I recommend editing your paper in two separate stages. Stage one is the content edit. Here, you’re looking at your paper as a whole and asking yourself the most important questions: Does each argument support the thesis? Does the paper have a good narrative flow? Is each argument properly fleshed out and backed up with research or external sources? What can be removed or written in a clearer, simpler way?
Essentially, this stage is all about making sure the paper communicates your message to the reader as effectively as possible. It’s not about spelling errors. Those you should save for stage two – the technical edit.
At this point, you’re ready to go over your paper with a fine-toothed comb to identify any problems with the structure or syntax. Things like: – Spelling and grammar mistakes – Poorly structured sentences – Formatting errors – Sentences that just don’t sound right I find that the most effective way to do a technical edit is to print out the paper and go over it by hand. It’s just easier to catch mistakes when you’re editing the paper in its final intended medium. Plus, by using pen and paper, you’re prevented from making corrections on the fly.
Doing so would require switching contexts from editing to writing, which can be fatiguing and makes it easier to get sloppy near the end of the paper. In addition to printing out your paper, you should also take the time to read it out loud. This forces you to slow down and prevents you from unconsciously skipping over any words, and it also helps you identify any sentences that don’t sound good. Finally, remember that one set of eyes isn’t good enough – especially when they’re your own. To make your paper truly great, you need to let other people look over it and get their feedback.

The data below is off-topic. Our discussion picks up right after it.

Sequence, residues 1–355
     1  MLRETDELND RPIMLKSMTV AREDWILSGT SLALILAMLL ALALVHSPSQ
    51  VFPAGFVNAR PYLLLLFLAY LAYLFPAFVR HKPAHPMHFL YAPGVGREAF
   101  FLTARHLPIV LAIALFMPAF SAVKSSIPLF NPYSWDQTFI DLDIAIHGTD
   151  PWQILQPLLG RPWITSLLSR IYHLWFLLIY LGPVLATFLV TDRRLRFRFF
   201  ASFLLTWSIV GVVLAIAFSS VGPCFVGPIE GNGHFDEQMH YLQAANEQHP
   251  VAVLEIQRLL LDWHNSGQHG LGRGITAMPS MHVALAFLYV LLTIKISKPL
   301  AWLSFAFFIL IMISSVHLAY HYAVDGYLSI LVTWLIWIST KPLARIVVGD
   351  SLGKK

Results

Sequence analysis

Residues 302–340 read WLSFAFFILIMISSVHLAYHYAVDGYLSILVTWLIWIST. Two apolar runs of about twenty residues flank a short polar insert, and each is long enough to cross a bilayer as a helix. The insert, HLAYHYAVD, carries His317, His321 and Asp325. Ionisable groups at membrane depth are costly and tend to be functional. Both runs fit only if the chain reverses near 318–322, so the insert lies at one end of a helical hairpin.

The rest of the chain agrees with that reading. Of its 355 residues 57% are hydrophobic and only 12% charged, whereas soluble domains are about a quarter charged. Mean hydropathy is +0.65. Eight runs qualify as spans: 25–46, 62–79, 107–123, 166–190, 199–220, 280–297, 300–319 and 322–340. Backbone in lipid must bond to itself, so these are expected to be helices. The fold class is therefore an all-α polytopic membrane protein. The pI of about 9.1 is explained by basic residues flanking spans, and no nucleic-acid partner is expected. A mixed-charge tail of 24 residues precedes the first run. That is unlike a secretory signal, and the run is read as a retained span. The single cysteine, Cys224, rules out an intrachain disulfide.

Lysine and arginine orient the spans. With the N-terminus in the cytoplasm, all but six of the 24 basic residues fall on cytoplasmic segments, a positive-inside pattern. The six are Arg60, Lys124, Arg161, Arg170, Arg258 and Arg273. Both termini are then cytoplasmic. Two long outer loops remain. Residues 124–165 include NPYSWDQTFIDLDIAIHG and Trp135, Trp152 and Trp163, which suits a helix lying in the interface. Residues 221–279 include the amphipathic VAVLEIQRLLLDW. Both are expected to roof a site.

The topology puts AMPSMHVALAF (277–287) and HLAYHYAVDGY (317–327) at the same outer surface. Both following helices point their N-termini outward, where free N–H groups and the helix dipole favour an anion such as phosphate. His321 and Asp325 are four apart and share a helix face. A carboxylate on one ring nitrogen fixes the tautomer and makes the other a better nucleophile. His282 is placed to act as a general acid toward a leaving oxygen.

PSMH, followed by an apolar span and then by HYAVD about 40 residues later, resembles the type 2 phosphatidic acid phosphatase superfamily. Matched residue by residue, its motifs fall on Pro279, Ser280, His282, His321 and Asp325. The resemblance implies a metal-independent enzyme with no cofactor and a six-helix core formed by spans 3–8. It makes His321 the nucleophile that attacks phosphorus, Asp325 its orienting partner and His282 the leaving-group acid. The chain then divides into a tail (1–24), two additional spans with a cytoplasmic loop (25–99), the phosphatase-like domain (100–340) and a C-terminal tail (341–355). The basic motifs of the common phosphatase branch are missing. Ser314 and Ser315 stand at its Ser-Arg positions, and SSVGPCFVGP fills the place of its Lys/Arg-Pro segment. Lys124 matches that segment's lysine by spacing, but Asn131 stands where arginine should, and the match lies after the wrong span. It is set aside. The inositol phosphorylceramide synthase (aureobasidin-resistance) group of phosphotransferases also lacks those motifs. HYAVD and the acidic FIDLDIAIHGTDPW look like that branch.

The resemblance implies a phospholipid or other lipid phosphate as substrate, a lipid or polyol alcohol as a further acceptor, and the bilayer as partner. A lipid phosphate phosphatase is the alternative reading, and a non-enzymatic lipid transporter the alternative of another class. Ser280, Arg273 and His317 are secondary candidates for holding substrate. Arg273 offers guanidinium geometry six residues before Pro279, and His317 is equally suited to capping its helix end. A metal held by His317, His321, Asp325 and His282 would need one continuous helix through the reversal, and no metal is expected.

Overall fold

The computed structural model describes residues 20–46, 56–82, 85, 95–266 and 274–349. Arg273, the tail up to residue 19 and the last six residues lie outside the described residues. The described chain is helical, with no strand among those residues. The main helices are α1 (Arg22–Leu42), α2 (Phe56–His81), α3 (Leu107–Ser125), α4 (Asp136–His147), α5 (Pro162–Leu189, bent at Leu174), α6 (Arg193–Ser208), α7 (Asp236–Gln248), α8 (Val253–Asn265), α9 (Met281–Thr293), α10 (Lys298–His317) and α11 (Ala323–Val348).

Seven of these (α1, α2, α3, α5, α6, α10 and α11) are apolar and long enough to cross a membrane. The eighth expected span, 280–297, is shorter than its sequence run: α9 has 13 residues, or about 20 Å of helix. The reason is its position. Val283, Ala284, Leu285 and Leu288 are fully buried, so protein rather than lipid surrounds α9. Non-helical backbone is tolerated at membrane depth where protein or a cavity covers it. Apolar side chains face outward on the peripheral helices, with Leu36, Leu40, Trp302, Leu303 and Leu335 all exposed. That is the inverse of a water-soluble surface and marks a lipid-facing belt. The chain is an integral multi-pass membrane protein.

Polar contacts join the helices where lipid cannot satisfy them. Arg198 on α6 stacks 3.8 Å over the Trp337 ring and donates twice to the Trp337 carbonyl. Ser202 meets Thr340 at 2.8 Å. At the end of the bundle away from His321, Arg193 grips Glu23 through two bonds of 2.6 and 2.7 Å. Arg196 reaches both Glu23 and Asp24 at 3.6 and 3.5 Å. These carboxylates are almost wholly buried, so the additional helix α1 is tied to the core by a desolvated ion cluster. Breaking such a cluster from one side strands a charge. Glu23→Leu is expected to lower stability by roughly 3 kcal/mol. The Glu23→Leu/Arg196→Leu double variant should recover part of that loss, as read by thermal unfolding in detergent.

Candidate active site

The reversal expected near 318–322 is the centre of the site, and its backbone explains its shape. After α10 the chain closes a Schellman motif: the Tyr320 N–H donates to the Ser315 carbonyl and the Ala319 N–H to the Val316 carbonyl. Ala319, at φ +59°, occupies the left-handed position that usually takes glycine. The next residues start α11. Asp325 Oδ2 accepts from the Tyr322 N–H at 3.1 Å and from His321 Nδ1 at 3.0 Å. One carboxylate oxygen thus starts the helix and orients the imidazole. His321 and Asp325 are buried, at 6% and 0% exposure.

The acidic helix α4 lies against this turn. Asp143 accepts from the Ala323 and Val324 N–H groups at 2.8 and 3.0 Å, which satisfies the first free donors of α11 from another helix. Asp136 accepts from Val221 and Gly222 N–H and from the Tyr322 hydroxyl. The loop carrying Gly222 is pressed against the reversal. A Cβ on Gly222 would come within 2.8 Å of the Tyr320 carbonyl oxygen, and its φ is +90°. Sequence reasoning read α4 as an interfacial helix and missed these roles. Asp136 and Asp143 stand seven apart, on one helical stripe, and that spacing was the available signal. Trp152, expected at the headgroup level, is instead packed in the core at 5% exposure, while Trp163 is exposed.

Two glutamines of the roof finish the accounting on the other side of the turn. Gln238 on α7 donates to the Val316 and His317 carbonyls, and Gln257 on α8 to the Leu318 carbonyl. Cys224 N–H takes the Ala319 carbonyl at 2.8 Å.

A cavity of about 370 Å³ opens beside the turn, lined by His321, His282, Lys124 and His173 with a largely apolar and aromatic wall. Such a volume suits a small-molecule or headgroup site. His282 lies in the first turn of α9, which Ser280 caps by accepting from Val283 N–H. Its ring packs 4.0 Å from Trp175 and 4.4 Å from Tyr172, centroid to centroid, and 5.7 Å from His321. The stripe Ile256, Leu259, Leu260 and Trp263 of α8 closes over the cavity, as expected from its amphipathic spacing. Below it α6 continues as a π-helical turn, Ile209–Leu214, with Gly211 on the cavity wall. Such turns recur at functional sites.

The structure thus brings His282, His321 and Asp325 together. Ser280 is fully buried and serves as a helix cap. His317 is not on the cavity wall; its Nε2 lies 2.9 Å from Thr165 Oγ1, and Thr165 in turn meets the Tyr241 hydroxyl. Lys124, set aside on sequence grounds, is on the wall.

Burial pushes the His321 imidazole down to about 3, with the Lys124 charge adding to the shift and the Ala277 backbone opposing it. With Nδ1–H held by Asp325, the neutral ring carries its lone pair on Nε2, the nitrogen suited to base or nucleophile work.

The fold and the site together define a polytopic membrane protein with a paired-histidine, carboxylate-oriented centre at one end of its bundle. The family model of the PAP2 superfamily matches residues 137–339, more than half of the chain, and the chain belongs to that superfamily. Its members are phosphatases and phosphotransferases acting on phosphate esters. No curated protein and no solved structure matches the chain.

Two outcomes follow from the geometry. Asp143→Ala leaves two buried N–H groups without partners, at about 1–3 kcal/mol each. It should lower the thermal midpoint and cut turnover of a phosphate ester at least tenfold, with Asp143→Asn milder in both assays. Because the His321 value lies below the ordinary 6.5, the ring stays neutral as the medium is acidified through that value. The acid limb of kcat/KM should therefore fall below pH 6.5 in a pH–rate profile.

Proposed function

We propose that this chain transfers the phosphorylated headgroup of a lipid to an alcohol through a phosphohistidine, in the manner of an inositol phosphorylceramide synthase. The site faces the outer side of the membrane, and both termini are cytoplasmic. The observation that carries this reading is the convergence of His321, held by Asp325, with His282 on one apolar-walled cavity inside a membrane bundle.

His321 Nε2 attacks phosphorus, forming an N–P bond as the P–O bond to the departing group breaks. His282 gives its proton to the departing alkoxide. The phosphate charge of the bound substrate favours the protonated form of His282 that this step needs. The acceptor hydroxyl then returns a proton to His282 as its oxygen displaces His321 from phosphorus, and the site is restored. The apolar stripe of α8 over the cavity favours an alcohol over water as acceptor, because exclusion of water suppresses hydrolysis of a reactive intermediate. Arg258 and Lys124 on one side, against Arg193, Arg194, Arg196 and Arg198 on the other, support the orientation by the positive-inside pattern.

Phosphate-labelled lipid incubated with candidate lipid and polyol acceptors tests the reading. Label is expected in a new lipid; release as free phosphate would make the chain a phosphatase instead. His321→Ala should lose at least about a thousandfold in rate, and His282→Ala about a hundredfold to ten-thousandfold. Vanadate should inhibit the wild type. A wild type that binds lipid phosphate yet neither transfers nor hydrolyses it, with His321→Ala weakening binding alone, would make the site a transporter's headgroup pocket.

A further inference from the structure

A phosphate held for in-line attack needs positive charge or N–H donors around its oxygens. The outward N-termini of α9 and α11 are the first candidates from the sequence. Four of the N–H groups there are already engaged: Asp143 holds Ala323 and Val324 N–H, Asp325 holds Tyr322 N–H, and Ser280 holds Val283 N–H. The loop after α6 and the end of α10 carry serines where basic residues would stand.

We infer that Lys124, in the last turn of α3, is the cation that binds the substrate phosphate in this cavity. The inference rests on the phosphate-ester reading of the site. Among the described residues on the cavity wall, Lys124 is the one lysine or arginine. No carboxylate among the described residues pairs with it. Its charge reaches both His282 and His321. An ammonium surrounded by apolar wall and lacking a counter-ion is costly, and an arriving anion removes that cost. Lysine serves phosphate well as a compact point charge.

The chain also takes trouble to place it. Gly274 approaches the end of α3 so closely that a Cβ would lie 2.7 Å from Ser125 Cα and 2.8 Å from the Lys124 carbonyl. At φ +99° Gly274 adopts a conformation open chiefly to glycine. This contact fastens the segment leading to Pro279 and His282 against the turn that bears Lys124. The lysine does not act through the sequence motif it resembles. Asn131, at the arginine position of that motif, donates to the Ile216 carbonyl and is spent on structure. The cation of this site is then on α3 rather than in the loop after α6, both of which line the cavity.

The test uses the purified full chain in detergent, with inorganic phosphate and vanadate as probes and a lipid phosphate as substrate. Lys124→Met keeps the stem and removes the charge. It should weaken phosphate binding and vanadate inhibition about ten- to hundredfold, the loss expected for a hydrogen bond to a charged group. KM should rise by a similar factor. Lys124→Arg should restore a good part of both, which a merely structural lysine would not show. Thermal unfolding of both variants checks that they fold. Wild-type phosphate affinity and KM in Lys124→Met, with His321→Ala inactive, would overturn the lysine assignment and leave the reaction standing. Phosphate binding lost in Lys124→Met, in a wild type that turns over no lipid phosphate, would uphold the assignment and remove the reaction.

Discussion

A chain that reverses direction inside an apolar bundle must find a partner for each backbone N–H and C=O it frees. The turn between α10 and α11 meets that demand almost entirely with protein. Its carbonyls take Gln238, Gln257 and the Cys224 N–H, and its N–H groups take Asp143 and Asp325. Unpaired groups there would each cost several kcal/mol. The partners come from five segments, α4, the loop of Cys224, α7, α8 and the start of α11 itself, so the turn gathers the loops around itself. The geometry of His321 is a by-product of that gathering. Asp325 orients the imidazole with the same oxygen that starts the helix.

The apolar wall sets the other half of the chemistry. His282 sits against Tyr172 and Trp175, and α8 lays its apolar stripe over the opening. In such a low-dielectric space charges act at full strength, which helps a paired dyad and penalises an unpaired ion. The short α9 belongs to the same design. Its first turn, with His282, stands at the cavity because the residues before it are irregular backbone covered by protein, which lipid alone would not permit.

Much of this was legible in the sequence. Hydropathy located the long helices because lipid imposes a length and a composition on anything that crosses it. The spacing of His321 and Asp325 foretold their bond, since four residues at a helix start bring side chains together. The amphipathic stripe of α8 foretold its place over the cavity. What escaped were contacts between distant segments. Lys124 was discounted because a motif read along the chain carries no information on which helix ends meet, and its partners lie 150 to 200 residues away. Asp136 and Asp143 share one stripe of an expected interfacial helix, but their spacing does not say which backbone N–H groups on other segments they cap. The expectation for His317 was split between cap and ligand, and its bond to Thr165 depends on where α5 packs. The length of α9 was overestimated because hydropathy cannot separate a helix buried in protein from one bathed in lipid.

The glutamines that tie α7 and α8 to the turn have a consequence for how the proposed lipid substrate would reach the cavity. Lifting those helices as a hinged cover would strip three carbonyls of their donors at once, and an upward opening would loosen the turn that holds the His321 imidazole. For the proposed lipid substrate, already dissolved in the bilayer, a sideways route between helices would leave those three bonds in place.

Simon Peyton Jones has some more good advice here: First, realize that each person can only read your paper for the first time exactly once. Just like I can never experience the magic of Zelda: Breath of the Wild for the first time ever again (single tear), nobody can read your paper with fresh eyes twice. So be strategic with your reviewers. Let a couple people read the first draft, and keep other people on deck for the final one. Secondly, make sure to explicitly ask for the kind of feedback you actually want. When people aren’t given direction, they’ll naturally gravitate to looking for spelling and grammar errors – which aren’t nearly as important as the big elements, like whether your arguments even make sense.
Finally, after you’ve gotten your feedback and finished both stages of editing, print out your final draft and give it one final read-through from start to finish. If everything makes sense and nothing sticks out as glaringly wrong, give yourself permission to be done. In all likelihood, you’ve just crafted an excellent paper. Congrats!